30 May 2017

Drift migration in action

Following a brisk overnight easterly wind, hopes were high on the morning of 12th May for a few drift migrants arriving at Isle of May Bird Observatory in the Firth of Forth. The highlight was a stunning male Red-breasted Flycatcher found on the beach at Pilgrims Haven, soon drawing a fair crowd (by island standards). It was quickly noticed that the bird was ringed, and knowing it hadn't been ringed on the island, attempts were made to read the ring from photographs. The ring inscription looked foreign, but unfortunately the ring number itself couldn't be read.

So the bird was left to feed for a couple of hours, before ringers returned with a single-shelf net and just minutes later the bird was caught, revealing the ring was from the Swedish Ringing Scheme. After processing, the bird was released in the same spot and was still present the next day.

Being such an unusual record (we've only ever seen one previous foreign-ringed Red-breasted Flycatcher in the UK - details here), a quick flurry of emails back and forth across the North Sea soon revealed the details. TV0721 was ringed just a week earlier (5th May) at Torhamn in southern Sweden. It had presumably been caught up in an area of high pressure over northern Europe, creating an easterly airflow across the region. The synoptic chart (below) for 11th May also shows the ringing and finding locations, some 1,175km apart!

When ringed, the bird weighed 10.0g and a week later 9.7g, so rather than being thought of as a lost vagrant, it should perhaps be considered a drift migrant, carried on the wind on its migration north. Red-breasted Flycatcher breeds from eastern Europe across to the Himalayas, wintering in southern Asia, although it was long been suggested that there may also be a wintering population in west Africa.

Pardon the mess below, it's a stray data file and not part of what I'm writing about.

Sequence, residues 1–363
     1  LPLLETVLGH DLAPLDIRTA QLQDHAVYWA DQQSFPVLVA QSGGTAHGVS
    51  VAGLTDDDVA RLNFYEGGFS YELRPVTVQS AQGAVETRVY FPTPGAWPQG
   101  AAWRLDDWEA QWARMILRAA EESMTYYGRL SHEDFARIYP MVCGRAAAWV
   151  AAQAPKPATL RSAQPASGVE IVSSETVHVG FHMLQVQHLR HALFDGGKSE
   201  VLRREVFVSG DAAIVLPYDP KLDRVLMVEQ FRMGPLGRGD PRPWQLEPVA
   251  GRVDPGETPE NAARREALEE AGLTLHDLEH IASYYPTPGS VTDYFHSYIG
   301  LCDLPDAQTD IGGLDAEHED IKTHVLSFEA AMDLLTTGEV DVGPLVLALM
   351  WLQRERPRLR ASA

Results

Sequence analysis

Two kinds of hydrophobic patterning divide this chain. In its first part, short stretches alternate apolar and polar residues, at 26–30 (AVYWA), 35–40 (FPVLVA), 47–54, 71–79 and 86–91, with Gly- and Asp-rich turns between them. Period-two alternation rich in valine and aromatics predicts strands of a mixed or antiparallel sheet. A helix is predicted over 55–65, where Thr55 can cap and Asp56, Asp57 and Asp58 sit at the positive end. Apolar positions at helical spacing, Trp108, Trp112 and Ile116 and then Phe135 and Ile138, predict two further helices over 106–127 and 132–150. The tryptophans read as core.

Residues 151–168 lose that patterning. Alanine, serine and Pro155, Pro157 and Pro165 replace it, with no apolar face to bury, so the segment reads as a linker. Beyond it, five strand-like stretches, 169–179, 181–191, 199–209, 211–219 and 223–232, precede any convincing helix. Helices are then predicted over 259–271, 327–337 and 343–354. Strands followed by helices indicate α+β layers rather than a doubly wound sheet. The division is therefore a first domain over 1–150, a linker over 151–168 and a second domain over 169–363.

Previous recoveries in the UK have all been in autumn, although one record did see a bird ringed on Shetland recaught in southwest Norway two weeks later!

Many thanks to Anders Loell who got in touch with some background (and a photo) on the ringing of this bird: "I had the pleasure of finding it in a net here at Torhamn. And as you suspected there were some heavy eastern winds. There were only two nets possible to use on the 5th and the only reason why they were active was due to some schoolkids coming out here to visit the observatory."

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